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Farmers’ Association: “The Farmer is our Patriot”

Seven years ago, businesswoman Nino Zambakhidze got an unusual call from her business partner. He was in the countryside, he was drunk, and he’d just bought two cows.

From that moment, Ms. Zambakhidze’s life began to follow a different path. Today she is the chairwoman of the Georgian Farmers’ Association, an organization she founded after encountering first-hand the difficulties facing the county’s agricultural sector today.

Georgia Today sat down with Ms. Zambakhidze to talk about the Farmers’ Association. We’ve let her present herself in her own words, with only mild editing for clarity.

On how to define a Farmer

The question is, what is a farmer? Because we don’t have that definition in Georgia. Even in the Georgian Constitution the farmer has been named a ‘peasant.’

Based on our history, a peasant was someone who didn’t have proper education. He was hired because he couldn’t do any intellectual things, just dig and plant. So if you’re going to call me a peasant, I’m not going to accept that. That’s why we decided just to destroy that term and call them farmers - but we don’t have an exact definition of what a farmer is!

Even in my Association we have that issue. Because if you have one hectare of land and you have a greenhouse, you are one of the biggest farmers around. But if you have one hectare of land and an apple orchard, you cannot be called a big farmer. So it’s even hard to tell you how any definition can be justified.

So we just call them all farmers - because they call themselves farmers. We don’t want to abuse anybody, and, after all, they are certainly not peasants.

On what the Farmers’ Association does

Right now we have 1,300 members all over Georgia and we have three main directions.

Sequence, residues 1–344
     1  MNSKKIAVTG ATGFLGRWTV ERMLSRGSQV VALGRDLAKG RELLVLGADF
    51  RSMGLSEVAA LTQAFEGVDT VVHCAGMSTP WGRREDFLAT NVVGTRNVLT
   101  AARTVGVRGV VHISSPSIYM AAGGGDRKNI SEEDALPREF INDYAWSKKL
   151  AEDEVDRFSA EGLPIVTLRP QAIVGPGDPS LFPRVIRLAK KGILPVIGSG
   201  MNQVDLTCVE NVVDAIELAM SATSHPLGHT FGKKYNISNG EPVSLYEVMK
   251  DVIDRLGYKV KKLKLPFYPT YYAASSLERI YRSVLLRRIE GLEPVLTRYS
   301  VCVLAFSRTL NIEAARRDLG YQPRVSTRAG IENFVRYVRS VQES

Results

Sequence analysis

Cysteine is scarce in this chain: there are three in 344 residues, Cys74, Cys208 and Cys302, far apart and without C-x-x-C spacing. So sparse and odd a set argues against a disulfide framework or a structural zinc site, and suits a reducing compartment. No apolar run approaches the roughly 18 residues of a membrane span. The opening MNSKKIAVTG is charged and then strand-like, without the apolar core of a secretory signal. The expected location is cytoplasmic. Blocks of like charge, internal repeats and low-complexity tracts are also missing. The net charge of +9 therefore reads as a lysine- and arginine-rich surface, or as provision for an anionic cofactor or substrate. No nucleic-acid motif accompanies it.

One is to act as advocates for farmers; to be a ‘middleman’ between farmers and the government. 49% of the population is engaged in farming. To count, more or less, that’s 800,000 people. And we decided to consolidate all problems that the farmers are having in the regions, and to communicate in a proper way with the government so that the government will be able to fix the problems. They simply cannot do it separately for each farmer.

The second thing that we do is to help farmers connect to the market – with all those supermarket chains, hotels, restaurants, and cafes coming and asking for local production.

We’re helping the farmers to sell their products to these buyers. In this case the middle-man jumps out, and the farmers have much more profit margin on their products.

And third, we’ve started up a media team – TV, journals, newspapers – and we are publishing the success stories and failures of our farmers. And at the end it came out that while we were promoting farmers, the quality of those farmers’ products also become higher. Because they were well-known, they were using less pesticides and fewer fertilizers. So, let’s say, we shot these two rabbits with one gun. The farmers became famous, and they increased the quality of their products.

On what needs to change

One major problem we’re facing is that we don’t have land registry. We don’t know what is state-owned, and what is owned by individuals. It might be that an individual has 4 or 5 hectares, but is not registered as such. He considers it his, but the state believes it is state-owned.

This has to be a priority for the country. You have to register land, first in order to know what you own, second in order to be able to manage the land.

We say Georgia is an agrarian country, but it’s NOT, not at all. We have the ambition to be an agrarian country, but we’re not. We are a country with a lot of problems.

On hope for the coming year

My biggest hope is that farmers will get a proper education. Farmers have to have the opportunity to get the financial resources they need to start businesses. And that, step by step, problems like insufficient infrastructure, financial resources, insurance and education will be somehow satisfied.

Robert Isaf

30 November 2015 20:01